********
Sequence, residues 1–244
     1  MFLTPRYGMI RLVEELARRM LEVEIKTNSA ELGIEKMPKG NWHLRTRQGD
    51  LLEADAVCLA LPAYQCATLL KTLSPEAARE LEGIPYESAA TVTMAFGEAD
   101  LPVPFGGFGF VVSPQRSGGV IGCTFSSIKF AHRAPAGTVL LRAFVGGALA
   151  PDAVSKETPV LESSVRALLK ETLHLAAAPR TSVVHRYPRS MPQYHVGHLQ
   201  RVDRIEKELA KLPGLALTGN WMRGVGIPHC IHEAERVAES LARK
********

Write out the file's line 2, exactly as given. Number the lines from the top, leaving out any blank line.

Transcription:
     1  MFLTPRYGMI RLVEELARRM LEVEIKTNSA ELGIEKMPKG NWHLRTRQGD